The Society for Truth and Light conducted the poll which according to it shows that Hong Kong is a stronghold for traditional marriage and family values, with up to 75 percent of parents holding negative views on gay-rights issues, according to scmp.com.
Hence, any trend among younger parents could eventually lead to conflict with traditional values, it added.
However a gay-advocacy group finds the survey questionable because The Society for Truth and Light used biased questions to get the result it wanted.
The society’s Centre for Life and Ethics Studies interviewed by questionnaire 2,096 parents from 12 kindergartens, primary and secondary schools between August and February.
It found 60 to 75 percent respondents did not want Hong Kong to allow same-sex marriage or adoption, make use of surrogacy procedures or partners to enjoy benefits “as if they were married.”
The report quoted the centre’s research officer Michael Chan Wing-ho as saying that many parents still see “traditional marriage as very important” but a trend of younger parents tending to be more open to the gay rights movement can lead to “inevitable conflicts between them and traditional values.”
About 60 percent of respondents were atheists and 22 per cent Christians; 70 percent were secondary-school graduates and 23 percent had higher education.
About 75 percent disagreed that children should read books describing same-sex relationships as “normal and beautiful,” a similar percentage felt teachers had the right not to teach that “homosexual relationships are normal and beautiful”.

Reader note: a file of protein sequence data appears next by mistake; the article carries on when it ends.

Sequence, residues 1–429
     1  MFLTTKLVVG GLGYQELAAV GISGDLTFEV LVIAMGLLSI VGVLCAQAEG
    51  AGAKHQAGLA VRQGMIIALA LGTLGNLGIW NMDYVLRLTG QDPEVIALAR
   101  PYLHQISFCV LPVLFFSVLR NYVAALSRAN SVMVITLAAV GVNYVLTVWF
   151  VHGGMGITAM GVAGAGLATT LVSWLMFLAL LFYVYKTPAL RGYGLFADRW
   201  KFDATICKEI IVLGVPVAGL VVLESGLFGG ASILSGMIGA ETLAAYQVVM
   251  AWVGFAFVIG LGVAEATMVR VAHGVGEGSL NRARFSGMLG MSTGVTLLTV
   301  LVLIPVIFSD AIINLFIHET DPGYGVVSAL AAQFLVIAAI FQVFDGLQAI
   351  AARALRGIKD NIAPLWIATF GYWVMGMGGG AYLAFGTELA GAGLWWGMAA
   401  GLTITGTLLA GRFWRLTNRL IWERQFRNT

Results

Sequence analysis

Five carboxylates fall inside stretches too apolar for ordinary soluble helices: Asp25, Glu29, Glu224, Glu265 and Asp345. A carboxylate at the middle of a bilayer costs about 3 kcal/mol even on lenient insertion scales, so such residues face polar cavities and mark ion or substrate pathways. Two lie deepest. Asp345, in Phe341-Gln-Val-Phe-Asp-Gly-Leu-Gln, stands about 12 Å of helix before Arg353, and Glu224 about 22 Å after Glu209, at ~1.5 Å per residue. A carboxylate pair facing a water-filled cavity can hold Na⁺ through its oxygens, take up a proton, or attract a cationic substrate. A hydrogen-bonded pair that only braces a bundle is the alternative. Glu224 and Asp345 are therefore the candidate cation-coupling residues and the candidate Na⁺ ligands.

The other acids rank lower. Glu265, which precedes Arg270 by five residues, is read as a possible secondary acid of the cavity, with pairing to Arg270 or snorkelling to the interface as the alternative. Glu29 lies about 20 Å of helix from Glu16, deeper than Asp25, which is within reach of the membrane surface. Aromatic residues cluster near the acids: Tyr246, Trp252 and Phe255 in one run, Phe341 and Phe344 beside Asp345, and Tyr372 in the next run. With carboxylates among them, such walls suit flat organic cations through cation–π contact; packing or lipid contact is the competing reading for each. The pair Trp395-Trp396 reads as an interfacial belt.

Chan maintains that the education systems of Western countries gave homosexual values an equal status to heterosexual values and that it was the onus of the Hing Kong government not to be influenced by such trends and base its education policies on “healthy family ethics.”
Brian Leung Siu-fai, chief campaigner for gay-rights group Big Love Alliance, found such premises objectionable and the questioned how scientific the society and its research were in its methodology for the survey.
He suspected that it used suggestive questions in the survey and pointed out that the society still used conversion therapy to “treat” people with same-sex orientations and become heterosexuals.
Leung said older people held discriminating views towards the LGBT community because their parents were often lacking knowledge about it as there were no books available on the topic and public figures rarely came out as gay or supported the community.
Legally, prejudices against the LGBT community and discrimination on the basis of sexuality are not banned in Hong Kong although same-sex relations were de-criminalized in 1991.